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Preserving natural resources is one thing but making the leap to green energy and sustainable development is quite another. Even maintaining existing infrastructure in the face of ever more frequent extreme weather events will put a heavy burden on developing countries. In his landmark 2006 climate change review, the economist Nicholas Stern estimated that the costs of extreme weather alone could reach 0.5-1% of world GDP by 2050, and the figure would keep rising as the world warmed. Five years later, a UN university study estimated that African states could expect to pay an extra $183bn maintaining their road network over the next 60 years because of the impact of climate change. The cost of adapting to climate change in developing countries could rise to $280-$500bn a year by 2050, a figure up to five times greater than previous estimates, according to a 2016 UN Environment Programme report.
Who will pay for developing countries to adapt – and compensate for the damage caused by industrialisation – is an issue that the world’s richest nations have ignored for too long. In a sense, it is always the poorest who pay – they will face hunger more often, bear the brunt of extreme weather, be tipped into poverty more easily, and compete ever more ferociously for shrinking natural resources. But western nations, faced by growing numbers of climate refugees at their borders, cannot evade this forever.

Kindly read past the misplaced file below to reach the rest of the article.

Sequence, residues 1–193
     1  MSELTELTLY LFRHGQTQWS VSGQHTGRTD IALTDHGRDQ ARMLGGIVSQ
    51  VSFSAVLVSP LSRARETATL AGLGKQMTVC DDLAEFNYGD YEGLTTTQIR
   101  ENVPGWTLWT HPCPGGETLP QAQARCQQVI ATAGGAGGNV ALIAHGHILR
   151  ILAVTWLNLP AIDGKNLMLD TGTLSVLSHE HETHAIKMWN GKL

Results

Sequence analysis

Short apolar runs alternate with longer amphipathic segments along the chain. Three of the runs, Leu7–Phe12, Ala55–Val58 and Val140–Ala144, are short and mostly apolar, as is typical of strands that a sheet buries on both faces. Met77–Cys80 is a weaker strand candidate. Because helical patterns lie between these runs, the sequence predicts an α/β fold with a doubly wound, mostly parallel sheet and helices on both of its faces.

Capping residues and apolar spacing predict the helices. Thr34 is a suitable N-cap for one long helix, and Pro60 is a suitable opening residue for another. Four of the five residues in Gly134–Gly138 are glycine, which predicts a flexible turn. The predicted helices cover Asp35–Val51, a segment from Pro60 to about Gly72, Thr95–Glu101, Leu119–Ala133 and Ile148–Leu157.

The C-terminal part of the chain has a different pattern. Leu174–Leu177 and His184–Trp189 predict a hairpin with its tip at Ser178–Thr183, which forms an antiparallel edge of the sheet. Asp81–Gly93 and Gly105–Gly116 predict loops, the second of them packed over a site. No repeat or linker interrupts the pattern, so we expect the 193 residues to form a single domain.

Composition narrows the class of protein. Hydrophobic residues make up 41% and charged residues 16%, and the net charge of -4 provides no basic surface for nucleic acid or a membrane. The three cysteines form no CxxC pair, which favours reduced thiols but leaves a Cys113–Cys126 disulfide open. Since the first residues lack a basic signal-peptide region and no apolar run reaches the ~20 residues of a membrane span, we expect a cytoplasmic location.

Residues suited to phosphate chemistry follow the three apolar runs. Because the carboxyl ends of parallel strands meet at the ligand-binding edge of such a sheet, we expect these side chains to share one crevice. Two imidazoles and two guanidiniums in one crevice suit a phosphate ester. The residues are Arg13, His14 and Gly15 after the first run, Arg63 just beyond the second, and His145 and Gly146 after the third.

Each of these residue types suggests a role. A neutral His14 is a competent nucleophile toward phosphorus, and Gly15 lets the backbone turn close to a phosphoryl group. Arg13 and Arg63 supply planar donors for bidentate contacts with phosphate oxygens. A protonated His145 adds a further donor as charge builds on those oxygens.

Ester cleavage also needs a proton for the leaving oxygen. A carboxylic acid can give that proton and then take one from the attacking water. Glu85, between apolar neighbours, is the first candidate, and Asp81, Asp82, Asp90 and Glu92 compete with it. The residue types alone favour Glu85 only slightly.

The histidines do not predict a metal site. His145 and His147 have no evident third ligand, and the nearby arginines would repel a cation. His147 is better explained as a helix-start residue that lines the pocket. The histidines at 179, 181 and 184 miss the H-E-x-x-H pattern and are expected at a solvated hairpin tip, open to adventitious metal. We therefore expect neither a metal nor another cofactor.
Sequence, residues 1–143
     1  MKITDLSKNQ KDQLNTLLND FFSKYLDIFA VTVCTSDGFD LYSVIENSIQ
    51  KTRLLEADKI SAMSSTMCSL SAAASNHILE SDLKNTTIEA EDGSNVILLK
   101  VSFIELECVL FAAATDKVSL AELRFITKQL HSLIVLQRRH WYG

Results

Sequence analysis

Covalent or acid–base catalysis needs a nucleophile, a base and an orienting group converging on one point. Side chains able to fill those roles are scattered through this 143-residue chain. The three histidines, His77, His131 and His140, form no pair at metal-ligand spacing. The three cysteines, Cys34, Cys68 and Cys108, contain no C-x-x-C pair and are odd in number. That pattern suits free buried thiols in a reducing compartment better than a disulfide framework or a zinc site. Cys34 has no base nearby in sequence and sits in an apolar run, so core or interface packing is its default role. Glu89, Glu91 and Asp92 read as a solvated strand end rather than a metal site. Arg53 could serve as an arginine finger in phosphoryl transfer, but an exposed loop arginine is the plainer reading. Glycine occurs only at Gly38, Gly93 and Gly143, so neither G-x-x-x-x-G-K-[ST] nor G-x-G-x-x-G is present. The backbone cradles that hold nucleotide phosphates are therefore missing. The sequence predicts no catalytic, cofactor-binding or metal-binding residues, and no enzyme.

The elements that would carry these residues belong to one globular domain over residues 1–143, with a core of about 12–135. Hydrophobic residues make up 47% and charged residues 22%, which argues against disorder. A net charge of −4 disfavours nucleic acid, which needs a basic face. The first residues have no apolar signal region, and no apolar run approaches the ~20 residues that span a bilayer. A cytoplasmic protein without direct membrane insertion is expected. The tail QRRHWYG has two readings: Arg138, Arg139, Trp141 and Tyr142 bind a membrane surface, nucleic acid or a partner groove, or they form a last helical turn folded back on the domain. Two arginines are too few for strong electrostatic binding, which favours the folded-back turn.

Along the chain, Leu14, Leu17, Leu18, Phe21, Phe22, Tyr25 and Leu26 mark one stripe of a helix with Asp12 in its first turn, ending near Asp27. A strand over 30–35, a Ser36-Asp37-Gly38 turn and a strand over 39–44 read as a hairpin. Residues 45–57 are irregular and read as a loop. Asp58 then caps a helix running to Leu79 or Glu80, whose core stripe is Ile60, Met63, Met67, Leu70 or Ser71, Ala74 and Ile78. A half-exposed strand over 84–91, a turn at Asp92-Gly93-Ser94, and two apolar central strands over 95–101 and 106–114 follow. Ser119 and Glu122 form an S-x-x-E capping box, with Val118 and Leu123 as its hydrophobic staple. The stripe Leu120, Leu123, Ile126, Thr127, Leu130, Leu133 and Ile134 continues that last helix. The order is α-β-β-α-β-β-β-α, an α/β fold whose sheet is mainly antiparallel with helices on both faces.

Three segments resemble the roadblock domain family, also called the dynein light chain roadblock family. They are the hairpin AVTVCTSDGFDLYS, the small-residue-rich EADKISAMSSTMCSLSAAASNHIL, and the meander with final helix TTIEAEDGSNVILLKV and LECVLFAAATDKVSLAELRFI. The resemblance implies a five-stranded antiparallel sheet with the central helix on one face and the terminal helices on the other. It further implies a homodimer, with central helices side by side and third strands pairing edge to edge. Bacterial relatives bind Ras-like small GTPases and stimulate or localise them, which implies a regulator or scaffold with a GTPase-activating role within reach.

Torres Strait Islanders
In September the UN Human Rights Committee ruled that the Australian government had violated the rights of indigenous Torres Strait Islanders by failing to protect them adequately from the impact of climate change. It was the first legal action against a state brought by people living on low-lying islands, Human Rights Watch noted. The UN body heard that changing weather patterns harmed the islanders’ livelihoods, culture and traditional way of life. Severe flooding from tidal surges destroyed graves, while heavy rainfall degraded the land and reduced the amount of food available.
The ‘groundbreaking decision’, HRW said, has opened the way for further lawsuits and compensation claims by other climate-affected communities worldwide. ‘It sends a clear warning to all governments that they need to protect citizens from climate harm, and failure to do so may make them legally liable.’
Oren Gruenbaum is a member of the Round Table Editorial Board.